I’m a Virgo: Black Autistic Youth Deserve Representation, Too

A light-skinned Black teenager in a green, striped, short-sleeved shirt is lying down on a bed, facing the camera and smiling. He has a TV remote in his hand and is pointing it at the camera.
Credit: Shutterstock/Monkey Business Images

Being a Black autistic kid felt like there were thousands of eyes watching me.


There were the eyes of my allegedly well-meaning mother, afraid to let me out of her sight. There were the eyes of other people’s parents, making sure I didn’t get too close to their kids. There were the eyes of people at church, monitoring my every move for a correctable error. Then school eyes. Then the watchful eye of the law. 


It was a level of hyper-visibility that, like all hyper-visibility, never empathized with the person upon whom its gaze focused. They were watching out for me, surveilling me, not invested in my care. If they were, they may have seen that I was vulnerable, victimized, and dangerously naïve.


I’m grown now; I don’t often have cause to think about my Black autistic childhood. It’s rarely represented, so I don’t run into art, music, or culture that leads me to recall its isolation and general weirdness. That’s part of why I found Boots Riley’s I’m a Virgo so profound. 


Like many autistics, I cringe when someone asserts autism isn’t a disability but a special ability. Such phrasing seems to view all autistics through the lens of the savant. Either we’re preternaturally gifted in a way that makes us useful to allistics or we’re completely disposable. 


Cootie, I’m a Virgo‘s main character, is a thirteen-foot-tall Black teen. He’s spent his youth locked in his house at his adopted parents’ behest. This is in part because he, like many autistics, is hypervisible. Police will treat him as a threat to public safety if he roams around his Oakland neighborhood. His neighbors will stare. He would be the center of attention, whether that interest is friendly or hostile. 


Yet his parent’s concerns, however understandable, limit his ability to be young. They deny him even the most basic information about the world beyond his door. They fill his mind with half-truths and whole lies about who they are and his relationship to the world.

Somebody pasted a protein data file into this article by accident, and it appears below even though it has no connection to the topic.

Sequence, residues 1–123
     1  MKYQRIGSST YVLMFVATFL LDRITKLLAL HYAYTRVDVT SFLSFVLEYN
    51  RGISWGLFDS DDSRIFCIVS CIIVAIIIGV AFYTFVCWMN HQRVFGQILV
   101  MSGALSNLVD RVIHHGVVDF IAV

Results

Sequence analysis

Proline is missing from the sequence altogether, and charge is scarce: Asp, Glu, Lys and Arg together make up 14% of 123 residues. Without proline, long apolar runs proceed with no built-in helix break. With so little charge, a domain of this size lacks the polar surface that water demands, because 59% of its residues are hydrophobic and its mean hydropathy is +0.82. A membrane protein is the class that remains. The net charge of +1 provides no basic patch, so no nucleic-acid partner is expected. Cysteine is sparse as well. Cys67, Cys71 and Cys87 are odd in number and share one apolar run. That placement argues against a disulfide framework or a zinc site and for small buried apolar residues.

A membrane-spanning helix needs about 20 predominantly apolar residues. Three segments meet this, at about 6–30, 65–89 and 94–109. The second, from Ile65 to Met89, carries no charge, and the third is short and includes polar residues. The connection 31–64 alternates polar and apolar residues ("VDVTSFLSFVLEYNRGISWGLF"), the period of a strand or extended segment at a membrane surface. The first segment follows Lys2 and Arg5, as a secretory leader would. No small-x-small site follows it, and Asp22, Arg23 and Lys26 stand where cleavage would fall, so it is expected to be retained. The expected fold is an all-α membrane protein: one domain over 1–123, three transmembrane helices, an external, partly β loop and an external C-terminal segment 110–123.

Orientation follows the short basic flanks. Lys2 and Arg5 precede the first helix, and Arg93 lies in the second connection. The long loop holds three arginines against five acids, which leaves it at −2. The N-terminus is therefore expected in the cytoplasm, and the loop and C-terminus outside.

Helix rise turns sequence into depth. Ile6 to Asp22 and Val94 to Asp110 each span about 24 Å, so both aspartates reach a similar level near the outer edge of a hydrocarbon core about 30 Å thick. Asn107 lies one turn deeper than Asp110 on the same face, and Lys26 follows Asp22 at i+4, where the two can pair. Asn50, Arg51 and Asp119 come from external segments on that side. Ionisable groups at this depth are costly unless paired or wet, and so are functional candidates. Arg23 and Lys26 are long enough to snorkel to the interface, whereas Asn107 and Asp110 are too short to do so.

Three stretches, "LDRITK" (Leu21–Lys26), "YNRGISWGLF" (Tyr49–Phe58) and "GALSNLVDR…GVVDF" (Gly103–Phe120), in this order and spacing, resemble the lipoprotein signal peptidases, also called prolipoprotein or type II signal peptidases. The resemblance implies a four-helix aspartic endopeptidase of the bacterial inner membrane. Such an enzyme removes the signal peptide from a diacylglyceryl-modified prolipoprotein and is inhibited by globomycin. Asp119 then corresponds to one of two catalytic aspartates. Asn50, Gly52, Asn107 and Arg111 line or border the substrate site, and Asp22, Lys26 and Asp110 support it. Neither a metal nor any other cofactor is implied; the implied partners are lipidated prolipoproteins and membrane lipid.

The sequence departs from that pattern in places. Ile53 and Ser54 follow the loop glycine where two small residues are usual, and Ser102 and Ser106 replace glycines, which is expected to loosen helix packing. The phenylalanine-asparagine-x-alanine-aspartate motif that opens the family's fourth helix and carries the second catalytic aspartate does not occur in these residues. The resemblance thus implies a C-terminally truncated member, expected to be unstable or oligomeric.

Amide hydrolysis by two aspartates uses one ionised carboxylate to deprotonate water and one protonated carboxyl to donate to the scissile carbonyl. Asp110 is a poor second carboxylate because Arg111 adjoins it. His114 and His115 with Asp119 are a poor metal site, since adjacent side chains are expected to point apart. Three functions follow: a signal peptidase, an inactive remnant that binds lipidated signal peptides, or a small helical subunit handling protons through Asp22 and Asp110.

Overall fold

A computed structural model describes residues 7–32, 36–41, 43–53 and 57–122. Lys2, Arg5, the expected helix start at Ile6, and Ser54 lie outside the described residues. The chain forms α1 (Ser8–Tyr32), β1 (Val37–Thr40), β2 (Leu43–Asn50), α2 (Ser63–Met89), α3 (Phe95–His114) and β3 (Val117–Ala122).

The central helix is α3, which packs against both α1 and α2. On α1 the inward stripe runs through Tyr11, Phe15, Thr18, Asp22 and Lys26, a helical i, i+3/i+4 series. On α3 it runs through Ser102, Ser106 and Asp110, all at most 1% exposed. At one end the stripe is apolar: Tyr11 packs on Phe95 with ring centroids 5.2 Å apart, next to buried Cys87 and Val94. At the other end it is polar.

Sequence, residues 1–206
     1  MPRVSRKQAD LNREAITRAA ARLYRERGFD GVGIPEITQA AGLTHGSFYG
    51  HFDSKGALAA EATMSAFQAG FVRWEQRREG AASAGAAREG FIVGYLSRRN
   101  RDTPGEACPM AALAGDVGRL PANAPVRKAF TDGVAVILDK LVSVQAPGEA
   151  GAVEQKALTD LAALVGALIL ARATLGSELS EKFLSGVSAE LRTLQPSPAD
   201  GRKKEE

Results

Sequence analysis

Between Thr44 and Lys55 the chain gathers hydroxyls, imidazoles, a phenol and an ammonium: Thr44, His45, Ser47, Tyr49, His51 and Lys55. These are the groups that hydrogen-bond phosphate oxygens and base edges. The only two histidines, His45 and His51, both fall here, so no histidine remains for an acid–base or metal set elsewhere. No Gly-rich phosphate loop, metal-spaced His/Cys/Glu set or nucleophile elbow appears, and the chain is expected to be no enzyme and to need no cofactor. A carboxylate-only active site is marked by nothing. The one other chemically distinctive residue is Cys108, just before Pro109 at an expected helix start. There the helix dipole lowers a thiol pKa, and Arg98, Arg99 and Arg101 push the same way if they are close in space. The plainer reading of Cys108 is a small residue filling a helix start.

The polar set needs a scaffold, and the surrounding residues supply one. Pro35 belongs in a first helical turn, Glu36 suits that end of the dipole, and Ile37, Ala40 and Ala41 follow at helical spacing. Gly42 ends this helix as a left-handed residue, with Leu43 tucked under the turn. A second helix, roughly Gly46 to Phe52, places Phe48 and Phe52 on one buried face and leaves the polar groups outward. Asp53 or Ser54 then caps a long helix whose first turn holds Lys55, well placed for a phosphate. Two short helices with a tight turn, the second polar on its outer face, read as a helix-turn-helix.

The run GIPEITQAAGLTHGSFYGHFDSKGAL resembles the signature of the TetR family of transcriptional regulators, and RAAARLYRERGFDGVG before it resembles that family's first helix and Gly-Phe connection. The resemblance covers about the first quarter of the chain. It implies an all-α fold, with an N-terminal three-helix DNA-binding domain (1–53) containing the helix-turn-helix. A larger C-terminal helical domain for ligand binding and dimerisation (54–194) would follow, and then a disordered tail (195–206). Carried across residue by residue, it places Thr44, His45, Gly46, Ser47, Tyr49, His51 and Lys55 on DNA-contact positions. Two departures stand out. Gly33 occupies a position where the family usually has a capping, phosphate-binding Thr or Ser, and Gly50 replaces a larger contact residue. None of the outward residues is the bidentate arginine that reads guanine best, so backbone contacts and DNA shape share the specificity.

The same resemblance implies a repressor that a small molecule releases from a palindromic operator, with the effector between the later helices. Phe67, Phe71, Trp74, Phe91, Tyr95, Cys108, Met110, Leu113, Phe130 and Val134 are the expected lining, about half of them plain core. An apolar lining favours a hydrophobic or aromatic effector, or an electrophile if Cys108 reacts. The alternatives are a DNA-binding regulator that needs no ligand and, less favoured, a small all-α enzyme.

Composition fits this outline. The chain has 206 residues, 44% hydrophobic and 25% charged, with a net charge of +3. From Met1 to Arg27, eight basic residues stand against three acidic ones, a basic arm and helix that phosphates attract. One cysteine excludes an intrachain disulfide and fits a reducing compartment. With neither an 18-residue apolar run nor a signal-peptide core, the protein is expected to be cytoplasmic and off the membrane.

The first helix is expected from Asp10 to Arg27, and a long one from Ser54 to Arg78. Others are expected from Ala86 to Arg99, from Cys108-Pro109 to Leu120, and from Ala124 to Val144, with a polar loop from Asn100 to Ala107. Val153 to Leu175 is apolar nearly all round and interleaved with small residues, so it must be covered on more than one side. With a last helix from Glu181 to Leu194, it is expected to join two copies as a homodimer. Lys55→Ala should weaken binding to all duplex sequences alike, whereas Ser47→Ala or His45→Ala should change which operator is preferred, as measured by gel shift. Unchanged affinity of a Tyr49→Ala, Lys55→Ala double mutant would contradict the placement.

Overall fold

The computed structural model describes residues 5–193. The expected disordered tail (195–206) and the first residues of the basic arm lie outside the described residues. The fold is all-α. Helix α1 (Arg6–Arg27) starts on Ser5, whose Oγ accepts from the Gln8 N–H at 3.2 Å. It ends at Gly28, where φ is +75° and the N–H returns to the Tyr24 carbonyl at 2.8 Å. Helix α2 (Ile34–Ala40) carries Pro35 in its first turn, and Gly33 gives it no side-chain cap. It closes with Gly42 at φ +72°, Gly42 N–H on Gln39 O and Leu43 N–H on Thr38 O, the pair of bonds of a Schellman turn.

While shut away, he rehearses future conversations with lines from Love Island-style reality TV. Filling his days is a challenge. He reads “The Hero,” a comic about a cop-type superhero based on a real living legend. 


But Cootie’s invitation into the world comes from a burger commercial. He follows the trail the commercial starts, making friends along the way. At the run-down burger joint, he finally meets someone like himself. Unlike Cootie, Fiona is canonically autistic. Her body/mind moves at lightning speed, so she has to slow herself to move through the world. 


Cootie’s a giant. Anyone who passes him understands what’s going on. There’s nothing he can do to hide it. When some youth his age see him, they spread word of the sighting, naming him “The Thwamp Monster.” It’s a reputation that precedes him in any room. 


Fiona’s autism and other abilities are something she goes out of her way to mask. Through flashbacks, we learn that her parents spent her childhood distressed by her behavior. They sought, and found, diagnosis. Yet Fiona felt she was a burden; she worked to change the behavior most natural to her. 


It’s rare that any autistic characters get a love story that names autism, but doesn’t tokenize it. For Black autistics, it’s wholly absent in popular culture.I’m A Virgo allows Black autistics to be more than those two things at once. It allows its Black autistic characters to be neither superhuman nor tragic. 


Not only do Fiona and Cootie find companionship within their relationship, they find their youth. Both were isolated from their family and community due to their differences. Both felt they had to change or hide to please the people around them. 


Through their relationship, they come to see how mundane, awkward, and even annoying they are. Being with another exceptional person removes the need to hide. This is sometimes taken to extremes. Cootie’s giant body and 19-year-old boy manners mean that his hygiene is terrible. This is unacceptable to Fiona, who remarks that Cootie’s sulfurous gas may be his “real superpower.” 


It’s already clear that Cootie’s black-and-white thinking is a source of trouble for him. The Hero (from his favorite comic book of the same name) is a cop. He also becomes Cootie’s nemesis. It’s hard for Cootie to uncouple the fictional Hero from the cop who wants him in jail. He’s naïve and sheltered. He has trouble understanding that people aren’t only one thing. 


Fiona tries to make him aware of the stakes. (She’s far less sheltered than Cootie.) But Cootie is still over-invested in the character that kept him company in his isolation. 


It’s unclear if this couple will make it long-term, but I’m a Virgo reminded me of how important representation can be. All Black youth are robbed of compassionate representation. Anything that humanizes them without flattening is well welcome.


I’m a Virgo allows its Black autistics to be somewhere between adolescence and adulthood. That means screw ups, mishaps, and misunderstandings abound. That’s what it means to be nineteen.



Cyrée Jarelle Johnson (he/him) is a poet from Piscataway, New Jersey. He is the author of SLINGSHOT, winner of a Lambda Literary Award for Gay Poetry. WATCHNIGHT, his forthcoming book of poetry, considers ancestry as history in the context of the Great Black Migration of the 20th century, familial estrangement, and queer family. He is a 2023 National Endowment of the Arts Creative Writing Fellow.

Leave a Reply

Your email address will not be published.